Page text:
I always loved The Flintstones as a kid. So you can tell instantly where I found inspiration for this little en-som. The animations were so simple, yet they invoked amazing creativity in turning everything we knew into prehistoric icons. I was, however, somewhat dismayed (even as a child) that they all wore the same clothes.
Yeah, that’s right…for Betty and Wilma to be so dishy with such dumpy husbands, I never understood why they didn’t glam them up just a bit more.
Oh sure, they had their moments – but in such a fun age of 60s fashion and the sarcasm played on the show, you would think they would push it just a little bit more…
I started this from a fabric I’ve had for quite sometime. I’ve always wanted to use it – a stretch leopard velvet. I bought it because of its sheen and scale of pattern, and it was a nicer fabric than your everyday, run-of-the-mill velour. It had a surface hand of panne velvet, but a knit backing for added stretch. Now, you may recall the draping from Bijou – and that generated a ubiquitous pattern to move forth with stretchy materials:
I cut the pattern with an extended skirt to check for the scale and drape – just to see how much it would stretch, and if I wanted to change the neckline and armscyes:
The idea that came to mind was a woven mesh of beads at the center front, and having bought some amazing stone beads for use on Madison (which were substituted for gold beads instead), I had a perfect ‘Bedrock‘ combination.
After installing the back zipper and assembling the pieces, I slashed the full center front, fully lined the gown with mesh tricot, and roughly basted the center front opening in the shape that I wanted.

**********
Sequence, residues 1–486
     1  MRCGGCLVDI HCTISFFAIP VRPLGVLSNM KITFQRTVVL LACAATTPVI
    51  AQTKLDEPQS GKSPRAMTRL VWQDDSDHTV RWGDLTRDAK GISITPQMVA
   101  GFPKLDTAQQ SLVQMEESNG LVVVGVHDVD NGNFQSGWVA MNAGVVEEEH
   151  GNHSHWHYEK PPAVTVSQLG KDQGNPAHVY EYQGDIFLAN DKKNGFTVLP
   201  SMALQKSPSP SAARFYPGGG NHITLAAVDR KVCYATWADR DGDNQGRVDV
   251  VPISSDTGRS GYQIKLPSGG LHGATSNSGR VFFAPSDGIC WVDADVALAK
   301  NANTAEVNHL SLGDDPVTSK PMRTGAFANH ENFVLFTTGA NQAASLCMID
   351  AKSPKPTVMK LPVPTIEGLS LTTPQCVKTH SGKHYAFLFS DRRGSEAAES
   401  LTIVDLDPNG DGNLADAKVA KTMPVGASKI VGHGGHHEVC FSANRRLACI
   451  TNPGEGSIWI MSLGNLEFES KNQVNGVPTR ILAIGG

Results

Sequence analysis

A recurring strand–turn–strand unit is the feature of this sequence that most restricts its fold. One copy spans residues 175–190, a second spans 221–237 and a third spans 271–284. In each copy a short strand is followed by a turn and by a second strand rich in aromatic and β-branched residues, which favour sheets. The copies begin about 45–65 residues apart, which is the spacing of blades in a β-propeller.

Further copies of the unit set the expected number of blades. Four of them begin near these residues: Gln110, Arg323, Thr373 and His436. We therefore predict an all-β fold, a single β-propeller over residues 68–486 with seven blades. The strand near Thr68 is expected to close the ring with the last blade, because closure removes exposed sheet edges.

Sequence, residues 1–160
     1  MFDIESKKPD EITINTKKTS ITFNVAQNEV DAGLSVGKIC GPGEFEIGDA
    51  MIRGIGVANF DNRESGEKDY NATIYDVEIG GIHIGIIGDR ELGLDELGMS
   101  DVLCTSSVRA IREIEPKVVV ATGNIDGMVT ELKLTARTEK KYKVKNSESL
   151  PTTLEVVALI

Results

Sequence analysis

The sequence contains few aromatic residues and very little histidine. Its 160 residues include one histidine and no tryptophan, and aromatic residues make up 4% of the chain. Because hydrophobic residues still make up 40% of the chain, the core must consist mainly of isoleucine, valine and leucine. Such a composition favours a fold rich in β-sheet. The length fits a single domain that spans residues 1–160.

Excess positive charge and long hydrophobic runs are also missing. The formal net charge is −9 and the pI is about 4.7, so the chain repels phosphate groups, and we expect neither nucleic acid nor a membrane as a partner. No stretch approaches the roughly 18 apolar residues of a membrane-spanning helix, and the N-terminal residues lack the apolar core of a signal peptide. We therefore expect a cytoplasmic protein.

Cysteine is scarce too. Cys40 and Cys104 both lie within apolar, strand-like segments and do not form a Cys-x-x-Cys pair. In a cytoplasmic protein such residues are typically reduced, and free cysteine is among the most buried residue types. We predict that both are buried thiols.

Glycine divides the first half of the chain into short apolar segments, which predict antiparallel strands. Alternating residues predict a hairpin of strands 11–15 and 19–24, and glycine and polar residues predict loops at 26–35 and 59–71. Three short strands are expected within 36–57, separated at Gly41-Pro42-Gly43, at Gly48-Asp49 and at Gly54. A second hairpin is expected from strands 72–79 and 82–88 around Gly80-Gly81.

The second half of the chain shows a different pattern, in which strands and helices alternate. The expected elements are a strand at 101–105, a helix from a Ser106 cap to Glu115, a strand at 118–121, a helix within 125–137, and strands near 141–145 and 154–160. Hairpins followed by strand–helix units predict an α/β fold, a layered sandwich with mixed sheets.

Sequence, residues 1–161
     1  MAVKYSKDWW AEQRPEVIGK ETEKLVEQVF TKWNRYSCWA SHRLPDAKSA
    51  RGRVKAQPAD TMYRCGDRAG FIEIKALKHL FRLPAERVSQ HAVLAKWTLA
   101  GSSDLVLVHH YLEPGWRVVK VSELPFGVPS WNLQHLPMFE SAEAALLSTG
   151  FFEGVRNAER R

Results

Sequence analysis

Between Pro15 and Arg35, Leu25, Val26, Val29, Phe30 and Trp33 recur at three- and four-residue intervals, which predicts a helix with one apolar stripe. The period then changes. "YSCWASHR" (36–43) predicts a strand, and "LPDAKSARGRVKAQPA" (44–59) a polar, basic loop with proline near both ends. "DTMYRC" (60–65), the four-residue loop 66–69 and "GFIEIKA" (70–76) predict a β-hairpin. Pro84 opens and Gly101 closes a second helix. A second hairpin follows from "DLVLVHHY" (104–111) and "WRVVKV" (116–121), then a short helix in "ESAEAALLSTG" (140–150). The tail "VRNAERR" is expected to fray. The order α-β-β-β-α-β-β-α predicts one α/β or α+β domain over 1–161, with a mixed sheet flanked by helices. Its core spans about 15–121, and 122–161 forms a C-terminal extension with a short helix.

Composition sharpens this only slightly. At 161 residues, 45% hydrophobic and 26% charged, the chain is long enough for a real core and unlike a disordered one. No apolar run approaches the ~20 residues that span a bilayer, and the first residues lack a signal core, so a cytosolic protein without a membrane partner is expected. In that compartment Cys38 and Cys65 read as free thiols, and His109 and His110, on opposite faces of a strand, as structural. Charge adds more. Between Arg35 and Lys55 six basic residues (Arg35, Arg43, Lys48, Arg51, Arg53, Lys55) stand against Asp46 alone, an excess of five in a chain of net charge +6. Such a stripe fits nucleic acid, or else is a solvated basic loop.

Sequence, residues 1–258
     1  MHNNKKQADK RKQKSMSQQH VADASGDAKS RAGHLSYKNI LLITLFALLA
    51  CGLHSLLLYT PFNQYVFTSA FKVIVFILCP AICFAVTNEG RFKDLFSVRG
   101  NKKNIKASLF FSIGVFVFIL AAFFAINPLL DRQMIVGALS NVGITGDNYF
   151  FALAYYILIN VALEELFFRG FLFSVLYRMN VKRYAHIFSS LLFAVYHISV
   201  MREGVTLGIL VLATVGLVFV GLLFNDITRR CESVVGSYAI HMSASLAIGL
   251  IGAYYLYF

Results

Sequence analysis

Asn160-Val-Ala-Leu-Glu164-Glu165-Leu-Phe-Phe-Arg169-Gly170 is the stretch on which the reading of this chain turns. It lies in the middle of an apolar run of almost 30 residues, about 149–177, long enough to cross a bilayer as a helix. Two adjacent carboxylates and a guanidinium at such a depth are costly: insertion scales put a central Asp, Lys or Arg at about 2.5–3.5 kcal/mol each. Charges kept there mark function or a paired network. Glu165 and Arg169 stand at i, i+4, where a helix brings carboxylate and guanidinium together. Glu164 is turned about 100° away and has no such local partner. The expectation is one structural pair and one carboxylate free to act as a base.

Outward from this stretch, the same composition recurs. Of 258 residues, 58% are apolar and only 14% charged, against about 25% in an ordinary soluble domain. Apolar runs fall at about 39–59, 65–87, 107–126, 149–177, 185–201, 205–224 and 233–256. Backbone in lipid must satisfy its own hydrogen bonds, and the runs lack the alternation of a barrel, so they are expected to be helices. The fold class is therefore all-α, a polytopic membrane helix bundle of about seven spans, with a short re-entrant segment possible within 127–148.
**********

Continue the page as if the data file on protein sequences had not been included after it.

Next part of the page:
The asymmetrical ‘slash’ appears more exaggerated in the basted version above more so than the cleaner effect of the stones you see below:
After the stones were added, this cascade of a dry river bed took effect, and would serve as the basis for my continued frippery later. As I always love to do, I post work-in-progress shots to Instagram (which re-post to my personal Facebook page so my friends and family can follow along). Instagram is a great way for me to show what I’m doing between blog posts – so you should follow me there if you want to see my most current project. But a funny thing usually happens when the images get to Facebook – the commentary. Starting with this image:
Now you must understand – I love getting feedback – sometimes others’ minds are in a different place than mind, so a little openness is a good thing for an artist. But I am also in a bit of a quandary how people judge so quickly without knowing where I’m taking it next. I’ve resolved the whole ‘like‘ v. ‘comment‘ thing on Facebook – ‘like‘ is a good way to let your friends know you saw something when you don’t have time to leave a comment. But I seldom understand why someone would leave a comment that isn’t complimentary – why just not say anything at all – after all, isn’t that what ‘like‘ is all about?
No…not necessarily so. A friend explained to me that critical comments come from people who typically do call themselves your friend…and usually those who know you have a sense of humor. These are people who understand that it’s not meant as a personal dig, but one I might want to hear. Yeah…might.